Drug shop regulation and malaria treatment in Tanzania -- why do shops break the rules, and does it matter


Goodman, C; Kachur, SP; Abdulla, S; Bloland, P; Mills, A; (2007) Drug shop regulation and malaria treatment in Tanzania -- why do shops break the rules, and does it matter. Health policy and planning, 22 (6). pp. 393-403. ISSN 0268-1080 DOI: https://doi.org/10.1093/heapol/czm033

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Abstract

Regulatory infringements are extremely common in low-income countries, especially with respect to retail pharmaceutical sales. There have been few practical suggestions on public policy responses other than stricter regulatory enforcement, which governments are often unable, or unwilling, to do. This paper explores the challenges of regulating retail drug sellers, and potential solutions, through a case study of malaria treatment in rural Tanzania where small drug shops are a common source of medicine. Infringement of health-related regulation was extremely common. Most stores lacked valid permits, and illegal stocking of prescription-only medicines and unpackaged tablets was the norm. Most stocked unregistered drugs, and no serving staff met the qualification requirements. Infringements are likely to have reflected infrequent regulatory inspections, a failure of regulatory authorities to implement sanctions, successful concealment of regulatory violations, and the tacit permission of local regulatory staff. Eliminating regulatory infringements is unlikely to be feasible, and could be undesirable if access to essential medicines is reduced. Alternatives include bringing official drug regulation closer into line with locally legitimate practices; greater use of positive incentives for providers; and consumer involvement. Such a change in approach has the potential to provide a firmer platform for public-private collaboration to improve shop-based treatment.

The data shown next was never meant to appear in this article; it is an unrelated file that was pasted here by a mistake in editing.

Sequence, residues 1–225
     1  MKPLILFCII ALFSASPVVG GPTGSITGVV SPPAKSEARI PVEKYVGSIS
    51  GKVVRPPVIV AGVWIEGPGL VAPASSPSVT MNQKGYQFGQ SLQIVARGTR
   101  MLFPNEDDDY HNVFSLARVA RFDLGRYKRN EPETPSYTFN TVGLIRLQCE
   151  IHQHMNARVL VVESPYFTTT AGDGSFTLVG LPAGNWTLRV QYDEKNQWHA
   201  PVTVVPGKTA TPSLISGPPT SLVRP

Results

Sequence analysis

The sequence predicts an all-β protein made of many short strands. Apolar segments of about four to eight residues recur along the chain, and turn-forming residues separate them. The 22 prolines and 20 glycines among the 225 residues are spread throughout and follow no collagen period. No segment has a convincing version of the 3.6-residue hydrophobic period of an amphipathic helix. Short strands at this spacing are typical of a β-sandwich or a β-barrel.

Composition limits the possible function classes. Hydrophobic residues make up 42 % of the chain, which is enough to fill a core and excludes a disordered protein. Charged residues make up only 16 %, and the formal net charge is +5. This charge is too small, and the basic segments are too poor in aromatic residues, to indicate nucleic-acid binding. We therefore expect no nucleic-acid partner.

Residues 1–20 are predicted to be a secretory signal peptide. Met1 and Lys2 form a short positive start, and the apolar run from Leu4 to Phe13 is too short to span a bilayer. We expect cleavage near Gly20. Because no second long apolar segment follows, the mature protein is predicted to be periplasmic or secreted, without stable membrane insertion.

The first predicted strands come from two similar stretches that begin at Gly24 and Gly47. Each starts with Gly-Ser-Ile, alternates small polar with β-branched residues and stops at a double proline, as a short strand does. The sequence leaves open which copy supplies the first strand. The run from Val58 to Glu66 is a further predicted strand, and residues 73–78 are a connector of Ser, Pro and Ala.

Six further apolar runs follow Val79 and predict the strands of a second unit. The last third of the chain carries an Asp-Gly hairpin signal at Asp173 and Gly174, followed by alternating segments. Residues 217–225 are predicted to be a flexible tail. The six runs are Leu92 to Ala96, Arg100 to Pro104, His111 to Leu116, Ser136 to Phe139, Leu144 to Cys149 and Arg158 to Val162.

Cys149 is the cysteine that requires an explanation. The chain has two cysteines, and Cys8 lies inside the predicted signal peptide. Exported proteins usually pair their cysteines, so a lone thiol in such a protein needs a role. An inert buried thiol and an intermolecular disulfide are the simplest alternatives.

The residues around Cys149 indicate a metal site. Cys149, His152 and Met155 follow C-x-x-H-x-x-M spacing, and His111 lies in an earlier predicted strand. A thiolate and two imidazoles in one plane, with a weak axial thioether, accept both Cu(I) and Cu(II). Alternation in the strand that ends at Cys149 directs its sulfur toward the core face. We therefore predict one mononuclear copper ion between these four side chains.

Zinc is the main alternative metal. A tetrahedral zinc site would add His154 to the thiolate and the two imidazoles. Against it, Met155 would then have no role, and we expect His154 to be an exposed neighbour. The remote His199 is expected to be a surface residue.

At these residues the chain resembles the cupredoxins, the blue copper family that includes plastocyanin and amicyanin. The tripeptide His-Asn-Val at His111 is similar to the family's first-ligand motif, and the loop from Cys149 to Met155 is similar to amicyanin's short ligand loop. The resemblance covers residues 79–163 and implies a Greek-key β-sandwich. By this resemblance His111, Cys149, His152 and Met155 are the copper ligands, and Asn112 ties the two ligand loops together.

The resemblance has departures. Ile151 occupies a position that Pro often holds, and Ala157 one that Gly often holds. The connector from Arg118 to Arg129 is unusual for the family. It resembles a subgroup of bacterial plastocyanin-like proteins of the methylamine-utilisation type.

Item Type: Article
Keywords: Community Pharmacy Services, legislation & jurisprudence, Government Regulation, Guideline Adherence, Humans, Interviews as Topic, Malaria, drug therapy, Private Sector, Tanzania
Faculty and Department: Academic Services & Administration > Academic Administration
Faculty of Public Health and Policy > Dept of Global Health and Development
PubMed ID: 17921151
Web of Science ID: 251036200005
URI: http://researchonline.lshtm.ac.uk/id/eprint/7824

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